In terms of bugs or glitches I only encountered a handful in Shadow Warrior 3, and they were largely based around some of the more bizarre enemies and how they navigate terrain. You probably saw the accordion-like clown enemies in the trailers that flop around like a slinky. Their animations occasionally flip out when traveling over uneven terrain.
I also had problems with the trapdoor hazards and some of the game’s larger enemies. There is one arena in particular with a huge trapdoor with meatgrinders underneath. The larger ogre enemies would not fall into this trap, and instead just floated in place above the meatgrinders until the doors closed again. The entire time this was happening the ogres were stuck in a running animation loop.
Some minor issues aside, Shadow Warrior 3 is a worthy sequel to the beloved shooter franchise. While the arsenal is smaller than previous games, each gun has its place and is extremely fun to shoot. The emphasis on environmental hazards and special weapons acquired from executions also help keep the combat nice and varied. Each combat encounter feels like a carefully crafted sandbox, and they all invite you to paint the walls red in demon viscera.
While the wall running and grappling hook mechanics are basically just premade animations, they add a fun dynamic to each combat encounter. The fast-paced maneuverability of Shadow Warrior 3 allows you to pull off plenty of very satisfying feats of high-flying acrobatic mayhem. The combat is fast, responsive, and brutal.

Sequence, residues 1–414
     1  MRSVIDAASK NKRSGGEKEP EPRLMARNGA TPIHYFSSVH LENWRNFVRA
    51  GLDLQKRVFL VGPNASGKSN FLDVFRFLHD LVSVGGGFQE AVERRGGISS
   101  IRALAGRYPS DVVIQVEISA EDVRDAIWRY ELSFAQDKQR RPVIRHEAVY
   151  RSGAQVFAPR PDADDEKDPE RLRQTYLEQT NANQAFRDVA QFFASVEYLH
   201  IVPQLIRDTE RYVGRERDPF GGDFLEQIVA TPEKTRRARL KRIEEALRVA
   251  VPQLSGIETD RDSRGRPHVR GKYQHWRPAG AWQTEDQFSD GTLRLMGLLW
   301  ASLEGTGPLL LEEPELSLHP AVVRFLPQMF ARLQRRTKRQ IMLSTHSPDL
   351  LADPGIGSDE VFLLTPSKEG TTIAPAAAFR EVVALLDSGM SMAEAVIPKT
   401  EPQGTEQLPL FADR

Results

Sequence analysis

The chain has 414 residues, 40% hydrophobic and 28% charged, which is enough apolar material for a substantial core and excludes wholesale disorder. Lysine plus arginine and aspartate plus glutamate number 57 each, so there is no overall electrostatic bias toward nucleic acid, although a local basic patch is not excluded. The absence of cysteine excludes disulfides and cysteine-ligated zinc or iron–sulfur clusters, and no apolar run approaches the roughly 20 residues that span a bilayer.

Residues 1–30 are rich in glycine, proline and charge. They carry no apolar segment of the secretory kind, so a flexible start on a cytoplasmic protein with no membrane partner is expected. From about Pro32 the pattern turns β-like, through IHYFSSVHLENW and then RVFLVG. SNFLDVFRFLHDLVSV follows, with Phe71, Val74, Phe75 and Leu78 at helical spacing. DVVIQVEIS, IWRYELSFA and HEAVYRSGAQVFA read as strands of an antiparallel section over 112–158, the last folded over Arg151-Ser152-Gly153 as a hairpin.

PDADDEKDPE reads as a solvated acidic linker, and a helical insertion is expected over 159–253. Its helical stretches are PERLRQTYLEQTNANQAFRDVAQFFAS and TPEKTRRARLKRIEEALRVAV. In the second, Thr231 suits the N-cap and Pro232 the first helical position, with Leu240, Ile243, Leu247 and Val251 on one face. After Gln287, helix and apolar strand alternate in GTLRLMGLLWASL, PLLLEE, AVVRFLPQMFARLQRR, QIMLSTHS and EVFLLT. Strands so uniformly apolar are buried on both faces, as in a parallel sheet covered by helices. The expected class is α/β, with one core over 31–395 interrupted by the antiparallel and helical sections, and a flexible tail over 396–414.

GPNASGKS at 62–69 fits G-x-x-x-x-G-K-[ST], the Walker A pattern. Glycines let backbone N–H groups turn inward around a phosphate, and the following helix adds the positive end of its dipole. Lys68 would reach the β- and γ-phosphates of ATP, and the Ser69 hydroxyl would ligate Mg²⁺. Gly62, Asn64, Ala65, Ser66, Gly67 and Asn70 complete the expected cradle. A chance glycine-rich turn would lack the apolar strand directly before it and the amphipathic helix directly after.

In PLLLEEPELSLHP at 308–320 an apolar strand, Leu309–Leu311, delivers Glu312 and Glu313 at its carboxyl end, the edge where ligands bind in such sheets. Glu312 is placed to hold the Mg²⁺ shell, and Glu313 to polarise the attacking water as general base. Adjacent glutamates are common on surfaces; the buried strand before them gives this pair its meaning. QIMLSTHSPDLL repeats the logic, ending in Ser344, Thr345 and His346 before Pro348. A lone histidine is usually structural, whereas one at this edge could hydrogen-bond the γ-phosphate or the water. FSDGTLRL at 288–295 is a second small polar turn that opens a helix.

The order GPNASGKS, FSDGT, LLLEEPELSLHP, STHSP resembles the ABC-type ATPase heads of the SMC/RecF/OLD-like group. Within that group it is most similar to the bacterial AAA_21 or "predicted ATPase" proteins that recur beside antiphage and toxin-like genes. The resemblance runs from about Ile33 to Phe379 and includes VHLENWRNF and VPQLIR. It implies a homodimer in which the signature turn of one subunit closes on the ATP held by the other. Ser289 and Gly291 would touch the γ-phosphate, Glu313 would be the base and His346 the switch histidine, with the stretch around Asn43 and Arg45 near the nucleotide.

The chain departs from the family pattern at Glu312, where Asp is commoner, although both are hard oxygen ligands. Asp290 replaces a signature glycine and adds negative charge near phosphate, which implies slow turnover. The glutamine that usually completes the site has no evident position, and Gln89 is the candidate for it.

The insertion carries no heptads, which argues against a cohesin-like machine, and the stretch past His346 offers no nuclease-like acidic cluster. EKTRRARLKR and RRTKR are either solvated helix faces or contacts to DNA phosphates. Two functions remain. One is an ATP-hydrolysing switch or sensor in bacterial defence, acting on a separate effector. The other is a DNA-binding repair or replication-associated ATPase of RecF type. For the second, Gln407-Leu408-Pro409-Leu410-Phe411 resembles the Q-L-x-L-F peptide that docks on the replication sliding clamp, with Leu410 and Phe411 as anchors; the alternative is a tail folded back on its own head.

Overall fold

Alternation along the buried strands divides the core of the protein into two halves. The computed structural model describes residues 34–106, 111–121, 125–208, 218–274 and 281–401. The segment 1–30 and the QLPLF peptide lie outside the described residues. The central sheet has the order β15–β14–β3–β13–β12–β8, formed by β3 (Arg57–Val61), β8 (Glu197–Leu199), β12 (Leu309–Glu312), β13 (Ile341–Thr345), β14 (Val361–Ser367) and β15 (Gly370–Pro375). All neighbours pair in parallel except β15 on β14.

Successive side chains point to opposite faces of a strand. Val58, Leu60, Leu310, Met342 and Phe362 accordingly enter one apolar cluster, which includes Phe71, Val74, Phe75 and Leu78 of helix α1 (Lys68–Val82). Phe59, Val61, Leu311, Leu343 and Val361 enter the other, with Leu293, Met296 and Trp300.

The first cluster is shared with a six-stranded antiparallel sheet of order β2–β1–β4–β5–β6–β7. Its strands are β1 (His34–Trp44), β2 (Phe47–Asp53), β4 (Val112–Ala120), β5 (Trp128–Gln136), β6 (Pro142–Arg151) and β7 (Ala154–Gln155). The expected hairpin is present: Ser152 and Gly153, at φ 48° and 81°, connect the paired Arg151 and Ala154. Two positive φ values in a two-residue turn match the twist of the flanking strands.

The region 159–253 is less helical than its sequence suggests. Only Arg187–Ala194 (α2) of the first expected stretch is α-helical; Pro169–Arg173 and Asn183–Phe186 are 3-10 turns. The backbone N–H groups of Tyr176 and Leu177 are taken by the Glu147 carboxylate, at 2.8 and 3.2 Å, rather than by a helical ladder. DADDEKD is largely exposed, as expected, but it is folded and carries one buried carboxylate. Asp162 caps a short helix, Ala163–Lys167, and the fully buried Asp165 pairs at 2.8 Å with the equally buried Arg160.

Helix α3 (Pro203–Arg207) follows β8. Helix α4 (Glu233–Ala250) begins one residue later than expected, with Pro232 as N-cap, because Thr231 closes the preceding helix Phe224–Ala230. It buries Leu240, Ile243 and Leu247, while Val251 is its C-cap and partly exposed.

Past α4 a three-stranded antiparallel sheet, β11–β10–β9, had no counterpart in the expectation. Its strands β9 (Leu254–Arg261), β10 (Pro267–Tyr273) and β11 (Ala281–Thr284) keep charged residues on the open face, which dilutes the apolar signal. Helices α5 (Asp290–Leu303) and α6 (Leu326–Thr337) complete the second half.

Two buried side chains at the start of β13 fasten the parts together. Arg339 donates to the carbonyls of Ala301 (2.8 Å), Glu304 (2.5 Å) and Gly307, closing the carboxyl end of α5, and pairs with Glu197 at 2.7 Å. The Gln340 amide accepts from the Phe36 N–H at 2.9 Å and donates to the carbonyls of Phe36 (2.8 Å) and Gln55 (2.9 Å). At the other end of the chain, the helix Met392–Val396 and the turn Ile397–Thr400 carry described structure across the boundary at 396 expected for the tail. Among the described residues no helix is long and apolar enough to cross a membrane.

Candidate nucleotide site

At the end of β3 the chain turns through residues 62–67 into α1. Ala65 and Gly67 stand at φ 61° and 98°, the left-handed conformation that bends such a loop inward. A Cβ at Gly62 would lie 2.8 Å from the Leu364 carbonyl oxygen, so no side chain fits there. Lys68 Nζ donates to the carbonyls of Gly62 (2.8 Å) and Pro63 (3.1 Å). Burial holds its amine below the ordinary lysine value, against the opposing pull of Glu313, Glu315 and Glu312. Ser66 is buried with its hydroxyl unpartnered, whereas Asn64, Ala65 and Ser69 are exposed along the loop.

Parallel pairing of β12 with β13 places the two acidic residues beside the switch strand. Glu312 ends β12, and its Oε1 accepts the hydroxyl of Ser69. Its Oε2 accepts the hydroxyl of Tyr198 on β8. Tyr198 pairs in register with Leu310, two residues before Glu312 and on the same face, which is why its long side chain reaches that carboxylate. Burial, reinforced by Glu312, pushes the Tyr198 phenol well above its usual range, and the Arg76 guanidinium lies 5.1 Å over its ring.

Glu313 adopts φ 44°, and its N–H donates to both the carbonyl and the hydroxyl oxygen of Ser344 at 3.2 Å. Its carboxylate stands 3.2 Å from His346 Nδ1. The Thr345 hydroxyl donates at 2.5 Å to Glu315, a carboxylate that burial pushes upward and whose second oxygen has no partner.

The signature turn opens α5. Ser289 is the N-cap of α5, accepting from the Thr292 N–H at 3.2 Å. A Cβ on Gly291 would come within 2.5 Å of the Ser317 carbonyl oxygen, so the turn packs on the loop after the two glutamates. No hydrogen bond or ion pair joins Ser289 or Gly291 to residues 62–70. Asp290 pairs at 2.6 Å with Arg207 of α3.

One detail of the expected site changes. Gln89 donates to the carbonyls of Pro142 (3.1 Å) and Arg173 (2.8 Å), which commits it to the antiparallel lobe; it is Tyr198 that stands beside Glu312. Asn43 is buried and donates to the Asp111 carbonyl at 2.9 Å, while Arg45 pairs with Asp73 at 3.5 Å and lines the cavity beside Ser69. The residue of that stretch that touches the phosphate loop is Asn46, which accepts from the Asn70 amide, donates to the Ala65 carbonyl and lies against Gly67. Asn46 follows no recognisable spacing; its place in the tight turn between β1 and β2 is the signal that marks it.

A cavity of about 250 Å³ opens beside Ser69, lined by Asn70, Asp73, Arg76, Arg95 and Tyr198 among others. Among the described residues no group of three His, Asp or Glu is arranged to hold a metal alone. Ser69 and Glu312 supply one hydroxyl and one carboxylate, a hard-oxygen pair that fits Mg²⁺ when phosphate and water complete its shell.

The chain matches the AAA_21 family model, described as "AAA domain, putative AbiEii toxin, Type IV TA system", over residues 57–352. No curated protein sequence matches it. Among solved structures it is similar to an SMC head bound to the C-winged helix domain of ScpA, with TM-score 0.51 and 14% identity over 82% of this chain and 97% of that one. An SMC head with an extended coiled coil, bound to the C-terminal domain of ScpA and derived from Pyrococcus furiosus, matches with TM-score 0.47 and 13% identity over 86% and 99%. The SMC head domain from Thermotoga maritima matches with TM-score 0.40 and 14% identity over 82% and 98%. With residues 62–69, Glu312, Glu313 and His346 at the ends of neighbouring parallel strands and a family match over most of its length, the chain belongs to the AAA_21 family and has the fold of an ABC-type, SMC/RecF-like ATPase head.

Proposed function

Voice actor controversies aside, the new cast are great in their respective roles, and the franchise’s signature crass humor is back. The characters are just as amusing as previous games, and I got quite a few chuckles out of Lo Wang’s dorky one-liners and crude jokes just like in the previous games.
It’s just a shame that the experience is over so quickly. Perhaps a premature ending is a fitting flaw for a game crammed so full of dick jokes, but at the end of the day you are still left wanting more.
Shadow Warrior 3 was reviewed on Windows PC using a copy provided by Devolver Digital. You can find additional information about Niche Gamer’s review/ethics policy here. Shadow Warrior 3 is set for a March 1st release date across Windows PC (via Steam), Xbox One (via the Xbox Store), and PlayStation 4 (via the PlayStation Store).